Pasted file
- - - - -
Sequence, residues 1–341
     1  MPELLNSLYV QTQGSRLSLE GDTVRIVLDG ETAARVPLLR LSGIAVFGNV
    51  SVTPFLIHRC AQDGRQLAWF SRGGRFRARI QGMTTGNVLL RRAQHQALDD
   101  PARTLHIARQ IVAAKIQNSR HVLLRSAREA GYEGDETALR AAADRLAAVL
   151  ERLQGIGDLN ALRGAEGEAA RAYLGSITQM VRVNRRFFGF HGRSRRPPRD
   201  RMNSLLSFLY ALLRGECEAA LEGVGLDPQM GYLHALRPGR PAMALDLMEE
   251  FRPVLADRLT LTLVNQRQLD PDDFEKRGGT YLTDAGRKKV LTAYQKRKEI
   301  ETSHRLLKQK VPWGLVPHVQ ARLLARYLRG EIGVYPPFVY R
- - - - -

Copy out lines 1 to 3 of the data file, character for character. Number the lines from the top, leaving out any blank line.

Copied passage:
Sequence, residues 1–341
     1  MPELLNSLYV QTQGSRLSLE GDTVRIVLDG ETAARVPLLR LSGIAVFGNV
    51  SVTPFLIHRC AQDGRQLAWF SRGGRFRARI QGMTTGNVLL RRAQHQALDD